Understanding the Shape of a Binomial Distribution


The binomial distribution describes the probability of obtaining k successes in n binomial experiments.

If a random variable X follows a binomial distribution, then the probability that X = k successes can be found by the following formula:

P(X=k) = nCk * pk * (1-p)n-k

where:

  • n: number of trials
  • k: number of successes
  • p: probability of success on a given trial
  • nCkthe number of ways to obtain k successes in n trials

The binomial probability distribution tends to be bell-shaped when one or more of the following two conditions occur:

1. The sample size (n) is large.

2. The probability of success on a given trial (p) is close to 0.5.

However, the binomial probability distribution tends to be skewed when neither of these conditions occur. To illustrate this, consider the following examples:

Example 1: Sample Size (n) is Large

The following chart displays the probability distribution for when n = 200 and p = 0.5.

Binomial distribution shape

The x-axis displays the number of successes during 200 trials and the y-axis displays the probability of that number of successes occurring.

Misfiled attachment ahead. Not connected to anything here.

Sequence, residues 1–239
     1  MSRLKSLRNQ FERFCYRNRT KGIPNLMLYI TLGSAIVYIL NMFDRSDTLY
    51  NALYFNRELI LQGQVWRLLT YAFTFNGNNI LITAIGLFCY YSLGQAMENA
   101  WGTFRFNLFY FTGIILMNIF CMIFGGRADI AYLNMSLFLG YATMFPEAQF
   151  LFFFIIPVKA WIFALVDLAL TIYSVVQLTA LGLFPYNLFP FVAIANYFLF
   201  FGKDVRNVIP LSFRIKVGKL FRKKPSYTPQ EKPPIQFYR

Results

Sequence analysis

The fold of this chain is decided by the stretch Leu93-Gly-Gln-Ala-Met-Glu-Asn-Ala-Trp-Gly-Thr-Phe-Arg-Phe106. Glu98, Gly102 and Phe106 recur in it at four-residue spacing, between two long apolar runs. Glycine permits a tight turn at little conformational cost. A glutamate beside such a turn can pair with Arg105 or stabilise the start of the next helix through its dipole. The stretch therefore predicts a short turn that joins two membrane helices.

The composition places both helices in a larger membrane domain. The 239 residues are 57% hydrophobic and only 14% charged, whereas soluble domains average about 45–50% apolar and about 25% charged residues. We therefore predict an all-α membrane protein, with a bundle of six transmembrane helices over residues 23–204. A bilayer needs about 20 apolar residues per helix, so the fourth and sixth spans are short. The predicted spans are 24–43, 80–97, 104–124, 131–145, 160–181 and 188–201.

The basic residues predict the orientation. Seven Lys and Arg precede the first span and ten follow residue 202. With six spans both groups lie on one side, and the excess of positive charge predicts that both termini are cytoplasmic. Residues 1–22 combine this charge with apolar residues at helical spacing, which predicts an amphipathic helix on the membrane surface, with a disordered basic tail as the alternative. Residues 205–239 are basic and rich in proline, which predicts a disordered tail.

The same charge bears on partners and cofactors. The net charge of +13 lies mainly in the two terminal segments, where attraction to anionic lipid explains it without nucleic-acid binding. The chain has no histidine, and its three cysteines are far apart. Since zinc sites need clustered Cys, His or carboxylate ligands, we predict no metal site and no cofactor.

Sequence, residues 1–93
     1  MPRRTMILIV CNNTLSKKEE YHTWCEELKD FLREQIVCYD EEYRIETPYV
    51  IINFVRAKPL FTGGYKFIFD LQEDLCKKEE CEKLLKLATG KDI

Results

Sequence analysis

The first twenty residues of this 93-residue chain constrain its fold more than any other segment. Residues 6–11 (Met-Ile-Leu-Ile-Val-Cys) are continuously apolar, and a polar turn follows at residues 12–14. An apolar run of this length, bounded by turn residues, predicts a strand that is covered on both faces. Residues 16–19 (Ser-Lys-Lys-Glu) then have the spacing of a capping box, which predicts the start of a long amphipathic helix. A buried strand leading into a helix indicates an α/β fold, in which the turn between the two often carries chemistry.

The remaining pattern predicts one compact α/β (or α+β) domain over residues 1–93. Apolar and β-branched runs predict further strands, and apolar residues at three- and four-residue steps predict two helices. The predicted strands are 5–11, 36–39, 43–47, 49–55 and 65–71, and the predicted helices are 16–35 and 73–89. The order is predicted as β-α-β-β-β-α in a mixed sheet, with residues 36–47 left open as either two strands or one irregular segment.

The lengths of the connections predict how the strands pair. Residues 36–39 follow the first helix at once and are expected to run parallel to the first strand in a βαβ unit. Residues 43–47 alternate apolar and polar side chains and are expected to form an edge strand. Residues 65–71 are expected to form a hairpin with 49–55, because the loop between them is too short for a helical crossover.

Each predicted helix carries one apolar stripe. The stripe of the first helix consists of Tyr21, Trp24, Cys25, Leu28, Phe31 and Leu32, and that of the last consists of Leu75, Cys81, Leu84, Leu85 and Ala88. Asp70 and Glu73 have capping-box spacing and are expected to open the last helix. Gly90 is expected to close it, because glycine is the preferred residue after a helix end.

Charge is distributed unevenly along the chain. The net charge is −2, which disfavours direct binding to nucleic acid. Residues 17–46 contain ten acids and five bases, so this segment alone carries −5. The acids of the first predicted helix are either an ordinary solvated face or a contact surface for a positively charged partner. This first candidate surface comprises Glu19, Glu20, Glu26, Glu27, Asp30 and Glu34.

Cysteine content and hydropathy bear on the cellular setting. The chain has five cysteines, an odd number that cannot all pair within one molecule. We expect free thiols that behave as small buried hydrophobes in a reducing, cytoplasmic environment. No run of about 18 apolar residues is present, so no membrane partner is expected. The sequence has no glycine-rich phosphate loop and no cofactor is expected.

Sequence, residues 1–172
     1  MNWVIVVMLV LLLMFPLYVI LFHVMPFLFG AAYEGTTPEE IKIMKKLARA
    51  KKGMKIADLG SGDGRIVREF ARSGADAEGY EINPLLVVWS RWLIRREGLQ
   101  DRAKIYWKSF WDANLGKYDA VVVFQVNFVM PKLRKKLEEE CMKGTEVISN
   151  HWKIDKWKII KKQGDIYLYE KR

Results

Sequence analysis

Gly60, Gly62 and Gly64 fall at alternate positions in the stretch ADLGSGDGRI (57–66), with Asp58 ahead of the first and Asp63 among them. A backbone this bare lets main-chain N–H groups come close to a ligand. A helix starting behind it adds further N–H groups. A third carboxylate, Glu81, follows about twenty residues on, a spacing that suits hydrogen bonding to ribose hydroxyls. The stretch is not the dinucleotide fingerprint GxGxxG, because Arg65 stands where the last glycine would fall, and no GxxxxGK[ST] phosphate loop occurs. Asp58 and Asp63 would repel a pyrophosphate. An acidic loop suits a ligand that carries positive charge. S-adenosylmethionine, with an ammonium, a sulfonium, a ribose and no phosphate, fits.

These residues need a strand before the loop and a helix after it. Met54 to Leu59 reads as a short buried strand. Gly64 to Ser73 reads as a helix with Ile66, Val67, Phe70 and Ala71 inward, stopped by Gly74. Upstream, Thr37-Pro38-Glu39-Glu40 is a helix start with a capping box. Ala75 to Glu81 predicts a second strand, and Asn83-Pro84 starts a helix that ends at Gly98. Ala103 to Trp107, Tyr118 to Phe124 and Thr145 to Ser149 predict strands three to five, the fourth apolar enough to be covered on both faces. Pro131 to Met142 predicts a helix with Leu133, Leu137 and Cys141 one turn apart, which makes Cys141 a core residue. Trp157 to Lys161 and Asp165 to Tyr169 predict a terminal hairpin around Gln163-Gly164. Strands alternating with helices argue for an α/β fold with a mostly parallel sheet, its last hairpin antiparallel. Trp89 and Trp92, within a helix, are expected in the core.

Since both (1) the sample size is large and (2) the probability of success on a given trial is close to 0.5, the probability distribution is bell-shaped.

Even when the probability of success on a given trial (p) is not close to 0.5, the probability distribution will still be bell-shaped as long as the sample size (n) is large. To illustrate this, consider the following two scenarios when p = 0.2 and p = 0.8.

Notice how the probability distribution is bell-shaped in both scenarios.

Example 2: Probability of Success (p) is Close to 0.5

The following chart displays the probability distribution for when n = 10 and p = 0.4.

Binomial distribution shape when p = 0.5

Although the sample size (n = 10) is small, the probability distribution is still bell-shaped because the probability of success on a given trial (p = 0.4) is close to 0.5

Example 3: Skewed Binomial Distributions

When neither (1) the sample size is large nor (2) the probability of success on a given trial is close to 0.5, the binomial probability distribution will be skewed to the left or right.

For example, the following plot shows the probability distribution when n = 20 and p = 0.1.

Skewed binomial distribution

Notice how the distribution is skewed to the right.

And the following plot shows the probability distribution when n = 20 and p = 0.9.

Binomial distribution skewed to the left

Notice how the distribution is skewed to the left.

Ending Notes

Each of the charts in this post were created using the statistical programming language R. Learn how to plot your own binomial probability distributions in R using this tutorial.

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